Family members have declined to comment.
Lawyers for Jeffrey Perelman referred questions to Gordon, a former managing editor of The Inquirer, who is speaking to reporters on behalf of Jeffrey and Marsha Perelman. Raymond Perelman, who goes regularly to his Bala Cynwyd office, said he was willing to be interviewed, but his attorneys subsequently stopped him.
Alison Perelman, now working toward a doctorate at the University of Pennsylvania, also declined to discuss the feud. Sources said she had worked hard to maintain good relations with her parents and grandparents.
Raymond Perelman is not questioning his son's commitment to Alison's financial well-being, said Lawrence G. McMichael, a lawyer with Dilworth Paxson L.L.P. who represents the elder Perelman. "It has nothing to do with how Jeffrey might or might not treat his daughter," he said. "It has everything to do with how Raymond wanted to treat his granddaughter."
"Ray had a very clearly expressed intent that has never changed, that half of the value . . . was to go Jeffrey's children."
"There is no doubt that was Raymond's principal objective," McMichael said. "When it became clear to him that Jeffrey wasn't going to fix it, he had no choice."
The 1990 deal resulted from Jeffrey Perelman's unhappiness with his father, who retained tight control over the industrial and mining firms he had assembled over a lifetime. Jeffrey was "becoming disillusioned with the circumstances of his employment, principally as a result of what was already a badly deteriorated relationship with Raymond," a court filing by Jeffrey's attorneys says.
Ruth Perelman, now 89, stepped in to try to make peace. Raymond agreed to sell a dental-equipment firm and other industrial companies to Jeffrey, allowing him to operate the businesses without interference from his father.
Most important, Raymond Perelman contends, it was supposed to ensure that Alison had "wealth sufficient to enjoy a lifestyle comparable to that he had enjoyed." Fifty percent of the assets sold to Jeffrey would be placed in a trust specifically for her, he says.
But that was not put in writing, and a clause in the agreement says the only elements to the deal are those in stated in the paperwork.
A central question is how Raymond Perelman could have failed to realize until recently that the deal he signed was not the deal he negotiated.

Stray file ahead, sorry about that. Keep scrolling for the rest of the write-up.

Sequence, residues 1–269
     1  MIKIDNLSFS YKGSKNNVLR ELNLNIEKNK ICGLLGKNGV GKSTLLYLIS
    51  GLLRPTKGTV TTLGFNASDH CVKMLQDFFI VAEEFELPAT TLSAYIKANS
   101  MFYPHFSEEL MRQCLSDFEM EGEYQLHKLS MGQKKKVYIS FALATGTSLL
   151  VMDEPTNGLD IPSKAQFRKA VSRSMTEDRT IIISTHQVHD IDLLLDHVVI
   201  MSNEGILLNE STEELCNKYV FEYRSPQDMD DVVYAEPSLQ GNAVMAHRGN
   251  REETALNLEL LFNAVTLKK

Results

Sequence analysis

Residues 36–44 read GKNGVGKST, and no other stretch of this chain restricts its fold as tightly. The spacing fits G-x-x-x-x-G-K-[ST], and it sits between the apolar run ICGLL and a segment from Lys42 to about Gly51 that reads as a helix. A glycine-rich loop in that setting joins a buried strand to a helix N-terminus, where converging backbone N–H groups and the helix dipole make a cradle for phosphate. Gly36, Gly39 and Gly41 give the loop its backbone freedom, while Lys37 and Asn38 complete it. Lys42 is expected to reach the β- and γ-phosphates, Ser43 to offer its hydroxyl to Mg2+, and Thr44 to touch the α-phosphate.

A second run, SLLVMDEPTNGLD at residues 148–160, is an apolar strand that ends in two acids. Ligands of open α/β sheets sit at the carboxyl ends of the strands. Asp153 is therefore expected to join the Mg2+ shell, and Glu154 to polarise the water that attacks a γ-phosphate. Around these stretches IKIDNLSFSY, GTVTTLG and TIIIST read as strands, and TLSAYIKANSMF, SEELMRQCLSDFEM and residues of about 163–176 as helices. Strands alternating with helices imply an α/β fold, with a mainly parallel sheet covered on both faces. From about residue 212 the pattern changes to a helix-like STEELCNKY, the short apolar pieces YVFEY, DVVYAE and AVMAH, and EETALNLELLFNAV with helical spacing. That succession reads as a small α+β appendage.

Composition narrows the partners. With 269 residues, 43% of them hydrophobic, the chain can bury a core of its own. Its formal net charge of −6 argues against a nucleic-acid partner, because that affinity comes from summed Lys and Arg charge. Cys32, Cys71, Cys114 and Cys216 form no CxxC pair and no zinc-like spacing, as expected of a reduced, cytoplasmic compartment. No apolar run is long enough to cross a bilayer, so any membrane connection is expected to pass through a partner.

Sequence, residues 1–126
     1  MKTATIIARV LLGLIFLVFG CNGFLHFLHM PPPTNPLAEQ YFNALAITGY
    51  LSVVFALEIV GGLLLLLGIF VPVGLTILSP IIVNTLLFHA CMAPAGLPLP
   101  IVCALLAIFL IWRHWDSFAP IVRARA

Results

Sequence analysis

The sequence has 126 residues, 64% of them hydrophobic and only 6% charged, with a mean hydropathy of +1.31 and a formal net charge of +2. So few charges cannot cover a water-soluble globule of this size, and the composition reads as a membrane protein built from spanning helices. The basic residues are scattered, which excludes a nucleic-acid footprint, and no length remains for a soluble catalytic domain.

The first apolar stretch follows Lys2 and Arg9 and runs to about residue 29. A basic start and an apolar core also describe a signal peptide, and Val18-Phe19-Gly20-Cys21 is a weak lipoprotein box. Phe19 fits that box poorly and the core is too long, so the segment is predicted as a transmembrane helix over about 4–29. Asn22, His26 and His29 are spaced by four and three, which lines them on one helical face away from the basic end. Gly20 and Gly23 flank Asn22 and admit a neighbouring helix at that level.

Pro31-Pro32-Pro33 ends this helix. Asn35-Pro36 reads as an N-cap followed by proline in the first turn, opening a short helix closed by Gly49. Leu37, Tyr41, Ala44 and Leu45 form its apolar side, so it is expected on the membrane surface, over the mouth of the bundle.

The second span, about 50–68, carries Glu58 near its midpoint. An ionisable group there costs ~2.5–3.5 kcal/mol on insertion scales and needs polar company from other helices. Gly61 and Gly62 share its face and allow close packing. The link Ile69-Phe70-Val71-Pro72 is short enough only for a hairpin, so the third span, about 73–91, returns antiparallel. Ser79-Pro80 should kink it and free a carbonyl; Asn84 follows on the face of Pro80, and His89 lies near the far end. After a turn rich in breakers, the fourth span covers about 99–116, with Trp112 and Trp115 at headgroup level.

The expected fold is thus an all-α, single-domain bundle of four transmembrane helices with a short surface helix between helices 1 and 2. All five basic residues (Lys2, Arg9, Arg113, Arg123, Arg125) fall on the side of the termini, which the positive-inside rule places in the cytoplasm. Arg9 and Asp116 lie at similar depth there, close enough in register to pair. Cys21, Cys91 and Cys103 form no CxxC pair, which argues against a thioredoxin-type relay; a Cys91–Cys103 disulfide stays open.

"This man is an extraordinary astute businessman," Gordon said. "This trust was carried out exactly as Raymond and Jeffrey agreed 20 years ago."
Asked why Raymond Perelman might now believe it was not, Gordon responded, "I do not know."
McMichael, Raymond Perelman's attorney, said: "The reasons he didn't know fall into two categories."
"The transactions were done by Jeffrey, who at that time was on both sides" of the negotiation, as both the buyer and employed by the seller, his father. Raymond Perelman "trusted Jeffrey, and he trusted" the lawyers who handled the transaction.
And, McMichael said, "he was told repeatedly after that, everything was done as he wanted it to be done. Everyone told him that."
Whatever happened, the dispute has generated at least four lawsuits. In addition to the initial federal and state actions, Raymond Perelman filed a legal-malpractice case over the 1990 agreement. In October, Jeffrey Perelman filed a suit claiming that Raymond and Ron Perelman improperly used money from a pension fund to finance Revlon operations. Gordon says that case is unrelated to the trust dispute.
So far, the legal score is in Jeffrey's favor. In March, a state judge upheld his preliminary objections to his father's initial lawsuit, though Raymond Perelman has appealed. The legal-malpractice case also was tossed.
If Raymond Perelman loses his appeal, the federal lawsuit will be moot, said Jeffrey's attorney, James T. Smith of Blank Rome, conceivably ending the legal action.
A negotiated resolution is impossible if it means settling on Raymond Perelman's terms, Gordon said.
"There have been several appeals [to Raymond] to say, let's sit down and have a conversation about this, and that hasn't happened in any productive fashion," she said.
McMichael said, "It could settle," but he added that "it would require Jeffrey to do some of the things that he has promised to do."
Ruth Perelman has tried to mediate, but has been unsuccessful.
"It would be a wonderful thing for the family, and particularly for Ruth," McMichael said. "She would love to see the case settled."